Página InicialGruposDiscussãoMaisZeitgeist
Pesquisar O Sítio Web
Este sítio web usa «cookies» para fornecer os seus serviços, para melhorar o desempenho, para analítica e (se não estiver autenticado) para publicidade. Ao usar o LibraryThing está a reconhecer que leu e compreende os nossos Termos de Serviço e Política de Privacidade. A sua utilização deste sítio e serviços está sujeita a essas políticas e termos.
Hide this

Resultados dos Livros Google

Carregue numa fotografia para ir para os Livros Google.

A carregar...

The Oxford Book of Victorian Ghost Stories (1976)

por Michael Cox (Editor), R.A. Gilbert (Editor)

Outros autores: John Young Akerman (Contribuidor), Robert Hugh Benson (Contribuidor), Algernon Blackwood (Contribuidor), Karen Blixen (Contribuidor), Mary Elizabeth Braddon (Contribuidor)43 mais, Rhoda Broughton (Contribuidor), Bernard Capes (Contribuidor), Wilkie Collins (Contribuidor), B. M. Croker (Contribuidor), Roald Dahl (Contribuidor), Guy de Maupassant (Contribuidor), Charles Dickens (Contribuidor), Arthur Conan Doyle (Contribuidor), Amelia B. Edwards (Contribuidor), Sven Elvestad (Contribuidor), Hanns Heinz Ewers (Contribuidor), Elizabeth Gaskell (Contribuidor), William Fryer Harvey (Contribuidor), R. S. Hawker (Contribuidor), William Hope Hodgson (Contribuidor), Tom Hood (Contribuidor), W. W. Jacobs (Contribuidor), Henry James (Contribuidor), M. R. James (Contribuidor), Jerome K. Jerome (Contribuidor), Rudyard Kipling (Contribuidor), Selma Lagerlöf (Contribuidor), Perceval Landon (Contribuidor), Joseph Sheridan Le Fanu (Contribuidor), F. G. Loring (Contribuidor), George Macdonald (Contribuidor), Arthur Machen (Contribuidor), Finn Mehling (Contribuidor), Thomas Street Millington (Contribuidor), Mary Louisa Molesworth (Contribuidor), Rosa Mulholland (Contribuidor), Dinah Mulock (Contribuidor), H. H, Munro (Contribuidor), E. Nesbit (Contribuidor), Barry Pain (Contribuidor), Edgar Allan Poe (Contribuidor), Ellen Price (Contribuidor), Charlotte Riddell (Contribuidor), Robert Louis Stevenson (Contribuidor), Leo Tolstoi (Contribuidor), Beth Toming (Ilustrador), H. G. Wells (Contribuidor), Mary E. Wilkins (Contribuidor)

Séries: Oxford Books of Prose

MembrosCríticasPopularidadeAvaliação médiaDiscussões
446541,664 (4.03)Nenhum(a)
"'I think it must have been two o'clock at least when I thought I heard a sound in that--that odious dark recess at the far end of the bedroom....Without at first a suspicion of anything supernatural, on a sudden I saw an old man, rather stout and square, in a sort of roan-red dressing-gown, and with a black cap on his head, moving stiffly and slowly in a diagonal direction, from the recess, across the floor of the bedroom, passing my bed at the foot, and entering the lumber-closet at the left. He had something under his arm; his head hung a little at one side; and, merciful God! when I saw his face....'" There's nothing like a good ghost story. And in Victorian Ghost Stories, Michael Cox and R.A. Gilbert bring together thirty-five well wrought tales of haunted houses, vengeful spirits, spectral warnings, invisible antagonists, and motiveless malignity from beyond the grave. The Victorians excelled at the ghost story, it was as much a part of their literary culture as the realistic novel, and it was practiced by almost all the great writers of the age. Cox and Gilbert here provide samples from Charles Dickens, Robert Louis Stevenson, Rudyard Kipling, Sir Arthur Conan Doyle, Henry James, and Wilkie Collins, as well as such classic ghost-story specialists as M.R. James and J.S. Le Fanu (whose "Account of Some Strange Disturbances in Aungier Street," considered one of the best haunted-house story ever written, is excerpted above), plus one or two genuine rarities for the supernatural fiction enthusiast to savor. The editors also reveal the key role played by women in the growth of the genre, including stories by Elizabeth Gaskell, Mrs. Craik, Mrs. Henry Wood, Amelia B. Edwards, Charlotte Riddell, and many others. Finally, they offer an informative introduction, detailed source notes, and an extensive survey of ghost-story collections from 1850 to 1910. Traditional in its forms, but energetically inventive and infused with a relish of the supernatural, these classic ghost stories still retain their original power to unsettle and surprise. Every one is guaranteed to satisfy what Virginia Woolf called "that strange human craving for the pleasure of feeling afraid."… (mais)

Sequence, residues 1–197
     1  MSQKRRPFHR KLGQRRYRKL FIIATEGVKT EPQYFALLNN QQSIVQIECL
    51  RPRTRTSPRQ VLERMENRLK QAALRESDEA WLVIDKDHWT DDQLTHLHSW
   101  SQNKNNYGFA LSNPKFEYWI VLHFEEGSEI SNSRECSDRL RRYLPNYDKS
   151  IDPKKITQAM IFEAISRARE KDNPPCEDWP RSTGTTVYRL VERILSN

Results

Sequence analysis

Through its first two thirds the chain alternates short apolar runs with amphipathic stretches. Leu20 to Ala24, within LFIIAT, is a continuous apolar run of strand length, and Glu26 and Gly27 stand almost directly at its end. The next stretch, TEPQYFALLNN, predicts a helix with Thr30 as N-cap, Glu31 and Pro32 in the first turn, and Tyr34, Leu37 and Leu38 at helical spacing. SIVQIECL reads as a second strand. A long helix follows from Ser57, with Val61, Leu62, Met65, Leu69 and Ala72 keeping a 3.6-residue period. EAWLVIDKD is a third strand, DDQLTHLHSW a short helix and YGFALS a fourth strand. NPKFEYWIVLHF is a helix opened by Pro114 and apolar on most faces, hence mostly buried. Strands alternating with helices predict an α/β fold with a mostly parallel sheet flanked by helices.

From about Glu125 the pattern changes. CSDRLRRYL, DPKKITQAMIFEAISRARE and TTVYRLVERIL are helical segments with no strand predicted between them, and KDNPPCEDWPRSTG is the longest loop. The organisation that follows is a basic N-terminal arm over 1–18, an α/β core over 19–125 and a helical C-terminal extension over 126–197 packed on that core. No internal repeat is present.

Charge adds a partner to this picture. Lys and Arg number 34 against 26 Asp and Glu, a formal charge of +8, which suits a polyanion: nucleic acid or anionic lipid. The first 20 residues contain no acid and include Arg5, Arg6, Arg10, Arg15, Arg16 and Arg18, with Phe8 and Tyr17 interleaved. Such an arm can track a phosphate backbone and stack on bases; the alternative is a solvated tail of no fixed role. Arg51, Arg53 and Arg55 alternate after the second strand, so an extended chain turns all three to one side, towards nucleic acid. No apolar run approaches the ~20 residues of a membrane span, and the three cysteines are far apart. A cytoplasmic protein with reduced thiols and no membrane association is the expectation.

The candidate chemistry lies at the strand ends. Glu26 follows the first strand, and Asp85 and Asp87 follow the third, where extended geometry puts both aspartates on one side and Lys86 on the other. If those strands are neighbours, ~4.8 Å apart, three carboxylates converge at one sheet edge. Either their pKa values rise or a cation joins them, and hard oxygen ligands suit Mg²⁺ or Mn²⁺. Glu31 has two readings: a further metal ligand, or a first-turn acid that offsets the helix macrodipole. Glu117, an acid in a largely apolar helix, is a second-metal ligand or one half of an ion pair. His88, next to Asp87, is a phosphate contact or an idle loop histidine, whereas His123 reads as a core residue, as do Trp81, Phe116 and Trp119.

Adicionado recentemente porRaechill, biblioteca privada, ejmw, FuschiasRoom, Lucas.Sellmer, CalAnderson, amanning1966, cs02, Jyvur_Entropy
Ghosts (139)
A carregar...

Adira ao LibraryThing para descobrir se irá gostar deste livro.

Ainda não há conversas na Discussão sobre este livro.

Mostrando 5 de 5
I always wondered why "A Christmas Carol" was a Christmas story with such dark and spooky elements. It seems much more suited to Halloween than more modern sugar-coated Christmas tales. Now, from the introduction to this book I know: it was a common tradition in England in the past (I can’t say for the present) to tell ghost stories on Christmas Eve! The introduction is informative and puts the reader in the right frame of mind to read the stories.
This is not a collection of ghost stories if you want to be scared, though there are a few with elements that raise goosebumps. I found it more valuable as a window into the Victorian Era. The details that the authors add to make the story more lifelike, and thus add to scariness, are also the details most interesting about the period. When they describe the scenery—often detailed descriptions of the rooms where the horrors take place, it also takes the reader back into the past.
On a different note, I love when they describe the when a building was built or last updated not in years, but by what monarch was on the throne at the time. It’s a very charming collection. ( )
  renardkitsune | Sep 9, 2018 |